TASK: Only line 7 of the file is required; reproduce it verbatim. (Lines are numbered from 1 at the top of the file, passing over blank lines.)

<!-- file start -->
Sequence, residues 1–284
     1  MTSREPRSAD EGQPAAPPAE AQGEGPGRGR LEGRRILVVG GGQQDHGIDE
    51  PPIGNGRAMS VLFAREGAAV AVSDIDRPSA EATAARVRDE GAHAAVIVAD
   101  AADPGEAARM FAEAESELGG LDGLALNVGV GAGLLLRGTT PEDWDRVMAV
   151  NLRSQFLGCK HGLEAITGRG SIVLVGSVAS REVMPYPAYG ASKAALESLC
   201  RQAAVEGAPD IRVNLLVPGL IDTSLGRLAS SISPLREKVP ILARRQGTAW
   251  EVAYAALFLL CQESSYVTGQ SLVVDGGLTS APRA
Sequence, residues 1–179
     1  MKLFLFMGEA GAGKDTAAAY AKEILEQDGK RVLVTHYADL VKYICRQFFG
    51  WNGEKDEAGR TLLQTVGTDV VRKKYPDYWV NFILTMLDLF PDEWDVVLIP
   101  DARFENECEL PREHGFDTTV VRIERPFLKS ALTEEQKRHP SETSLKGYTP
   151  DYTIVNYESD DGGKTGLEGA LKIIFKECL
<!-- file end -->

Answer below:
   251  EVAYAALFLL CQESSYVTGQ SLVVDGGLTS APRA